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Publication: Travel Tips
Advice for airline amateurs.

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Tips & Adice for the Seasoned and Armchair Traveler Alike! 

July 24, 2007

I don't know many people who actually go out on New Years 
Eve any more. Not even those folks who usually enjoy 
alcohol-fueled nights on the town.

Several of them sniff at the television footage of bleary 
eyed, whooping crowds at midnight and derisively refer to 
the holiday as "amateur night".

Frequent fliers who this summer have found themselves in 
packed airport lobbies with bewildered families and retirees 
more accustomed to RVs and mini-vans than airline counters 
probably understand the sentiment.

This week's edition includes:




P.S. If you're interested you can now post comments on this 
and recent issues on our forum at... Travel Tips Forum


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Yes, it's been a miserable summer to fly - for all the 
reasons we’ve talked about ad-nauseam in the newsletter. But 
travelers who take to the air regularly have learned to 
adapt pretty quickly to overbooked airplanes, canceled and 
delayed flights, evolving strategies for finding low-priced 
tickets, changing security regulations (By the way, you can 
bring cigarette lighters now) and the disappearance of that 
"the customer is always right" maxim. 

Infrequent fliers, who tend to fill airports more than usual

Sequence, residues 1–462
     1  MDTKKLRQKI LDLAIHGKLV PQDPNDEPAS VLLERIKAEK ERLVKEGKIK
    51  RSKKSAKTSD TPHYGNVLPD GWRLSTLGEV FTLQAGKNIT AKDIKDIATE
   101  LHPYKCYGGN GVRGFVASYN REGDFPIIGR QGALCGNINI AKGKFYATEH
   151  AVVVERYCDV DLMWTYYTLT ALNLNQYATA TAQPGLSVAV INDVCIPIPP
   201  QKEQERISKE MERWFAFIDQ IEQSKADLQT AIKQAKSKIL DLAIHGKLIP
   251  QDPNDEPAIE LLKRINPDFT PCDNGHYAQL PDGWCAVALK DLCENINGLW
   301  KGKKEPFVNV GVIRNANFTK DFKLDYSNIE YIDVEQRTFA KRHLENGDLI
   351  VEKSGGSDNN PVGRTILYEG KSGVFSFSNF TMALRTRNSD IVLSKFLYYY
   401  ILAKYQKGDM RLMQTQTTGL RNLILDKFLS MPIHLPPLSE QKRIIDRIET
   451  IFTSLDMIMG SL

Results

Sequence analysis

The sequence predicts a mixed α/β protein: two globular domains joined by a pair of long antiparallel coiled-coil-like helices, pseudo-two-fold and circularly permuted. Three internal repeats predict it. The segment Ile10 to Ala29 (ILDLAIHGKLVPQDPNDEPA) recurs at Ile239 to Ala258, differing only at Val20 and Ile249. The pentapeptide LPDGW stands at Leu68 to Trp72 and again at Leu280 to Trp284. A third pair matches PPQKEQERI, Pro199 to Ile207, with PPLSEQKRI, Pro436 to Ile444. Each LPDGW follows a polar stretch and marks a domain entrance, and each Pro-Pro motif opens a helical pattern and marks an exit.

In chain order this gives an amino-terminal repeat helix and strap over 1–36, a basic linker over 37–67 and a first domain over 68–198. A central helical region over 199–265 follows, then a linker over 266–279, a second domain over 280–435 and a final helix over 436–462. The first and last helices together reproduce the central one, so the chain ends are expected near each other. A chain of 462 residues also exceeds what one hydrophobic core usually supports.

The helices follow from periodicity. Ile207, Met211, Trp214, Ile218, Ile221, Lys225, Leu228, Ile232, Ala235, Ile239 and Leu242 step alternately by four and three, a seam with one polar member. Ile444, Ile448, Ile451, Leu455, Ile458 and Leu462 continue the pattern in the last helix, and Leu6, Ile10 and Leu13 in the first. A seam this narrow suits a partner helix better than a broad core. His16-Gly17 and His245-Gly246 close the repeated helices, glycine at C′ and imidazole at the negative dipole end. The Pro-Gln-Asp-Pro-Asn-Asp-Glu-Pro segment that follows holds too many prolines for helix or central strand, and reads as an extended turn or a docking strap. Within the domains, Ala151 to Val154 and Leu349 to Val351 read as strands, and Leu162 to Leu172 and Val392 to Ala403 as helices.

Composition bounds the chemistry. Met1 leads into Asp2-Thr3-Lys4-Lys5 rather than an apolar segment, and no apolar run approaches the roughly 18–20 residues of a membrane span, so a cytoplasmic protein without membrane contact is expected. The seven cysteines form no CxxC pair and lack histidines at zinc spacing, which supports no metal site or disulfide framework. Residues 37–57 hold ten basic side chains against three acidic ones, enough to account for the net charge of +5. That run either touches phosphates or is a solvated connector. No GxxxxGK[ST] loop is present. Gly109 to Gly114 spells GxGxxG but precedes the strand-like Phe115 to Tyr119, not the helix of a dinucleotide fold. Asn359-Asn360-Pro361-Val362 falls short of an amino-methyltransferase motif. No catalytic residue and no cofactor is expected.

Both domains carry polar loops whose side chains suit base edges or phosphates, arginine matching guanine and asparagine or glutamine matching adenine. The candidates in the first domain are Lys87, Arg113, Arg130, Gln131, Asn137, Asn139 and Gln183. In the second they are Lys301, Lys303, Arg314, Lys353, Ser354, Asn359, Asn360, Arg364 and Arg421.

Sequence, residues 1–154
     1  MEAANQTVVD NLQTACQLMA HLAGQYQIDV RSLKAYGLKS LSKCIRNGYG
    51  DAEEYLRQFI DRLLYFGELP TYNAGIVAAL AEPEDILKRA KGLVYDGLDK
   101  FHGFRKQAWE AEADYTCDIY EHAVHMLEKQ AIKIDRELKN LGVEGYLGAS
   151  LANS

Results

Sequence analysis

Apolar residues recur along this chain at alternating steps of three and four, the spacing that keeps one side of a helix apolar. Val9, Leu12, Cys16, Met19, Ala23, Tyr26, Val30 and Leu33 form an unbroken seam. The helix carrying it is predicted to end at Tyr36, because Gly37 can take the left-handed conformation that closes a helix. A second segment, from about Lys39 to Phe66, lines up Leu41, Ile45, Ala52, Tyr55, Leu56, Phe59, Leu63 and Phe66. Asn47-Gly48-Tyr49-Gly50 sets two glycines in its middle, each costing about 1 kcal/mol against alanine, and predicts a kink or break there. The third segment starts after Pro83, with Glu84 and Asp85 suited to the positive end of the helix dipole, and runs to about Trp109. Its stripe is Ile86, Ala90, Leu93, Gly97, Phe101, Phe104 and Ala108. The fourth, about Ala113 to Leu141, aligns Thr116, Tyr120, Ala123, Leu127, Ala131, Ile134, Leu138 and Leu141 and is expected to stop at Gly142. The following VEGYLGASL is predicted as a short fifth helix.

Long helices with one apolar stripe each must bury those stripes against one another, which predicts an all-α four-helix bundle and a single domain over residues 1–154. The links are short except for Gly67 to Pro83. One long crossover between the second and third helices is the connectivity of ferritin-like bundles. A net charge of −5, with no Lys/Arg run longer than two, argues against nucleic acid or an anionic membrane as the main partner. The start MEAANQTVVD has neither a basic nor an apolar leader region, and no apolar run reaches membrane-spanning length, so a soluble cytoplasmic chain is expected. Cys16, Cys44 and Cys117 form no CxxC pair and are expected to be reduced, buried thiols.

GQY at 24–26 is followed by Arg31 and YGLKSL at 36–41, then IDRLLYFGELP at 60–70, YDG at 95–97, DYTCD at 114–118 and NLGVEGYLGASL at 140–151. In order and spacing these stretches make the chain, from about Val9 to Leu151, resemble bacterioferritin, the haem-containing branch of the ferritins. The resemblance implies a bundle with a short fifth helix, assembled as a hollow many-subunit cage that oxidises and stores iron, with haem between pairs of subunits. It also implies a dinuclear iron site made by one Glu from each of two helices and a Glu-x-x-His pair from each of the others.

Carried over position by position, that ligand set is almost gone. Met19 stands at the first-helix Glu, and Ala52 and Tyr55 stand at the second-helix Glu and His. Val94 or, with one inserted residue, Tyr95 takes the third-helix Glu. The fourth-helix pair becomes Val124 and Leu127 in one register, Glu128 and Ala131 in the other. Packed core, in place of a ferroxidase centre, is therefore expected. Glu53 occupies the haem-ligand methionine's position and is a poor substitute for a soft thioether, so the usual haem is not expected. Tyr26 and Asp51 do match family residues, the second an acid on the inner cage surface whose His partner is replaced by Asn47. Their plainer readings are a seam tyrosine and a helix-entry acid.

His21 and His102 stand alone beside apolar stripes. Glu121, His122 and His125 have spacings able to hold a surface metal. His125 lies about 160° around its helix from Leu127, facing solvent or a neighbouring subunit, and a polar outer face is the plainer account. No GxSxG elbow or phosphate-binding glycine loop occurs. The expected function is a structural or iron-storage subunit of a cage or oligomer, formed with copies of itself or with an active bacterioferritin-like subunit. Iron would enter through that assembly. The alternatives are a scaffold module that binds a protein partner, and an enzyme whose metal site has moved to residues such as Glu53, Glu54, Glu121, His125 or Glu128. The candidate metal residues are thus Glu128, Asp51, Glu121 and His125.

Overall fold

during the summer en route to weddings and long-planned 
family reunions or vacations, are much more likely to be 
caught off guard.

Earlier this year, U.S. News and World Report, anticipating 
a rough summer for once-in-a-while fliers, published a list 
of survival hints from readers who fly a lot. Based on many 
of those responses and my own airport battles, I'm offering 
a similar mid-summer flying guide to you.  

* Fly off-peak. 

Lines are shorter, and if something goes wrong you'll be 
competing with fewer passengers for the attention of agents. 

But when is peak? Generally, most leisure travelers are 
taking off or landing on weekends. Business travelers tend 
to hit the road on Mondays and travel back Thursday or 
Friday. That leaves the middle of the week as your best 

* Look, but don't book.

Use the big three fare-finder sites - Orbitz, Travelocity, 
and Expedia - to search for the best flights and fares. But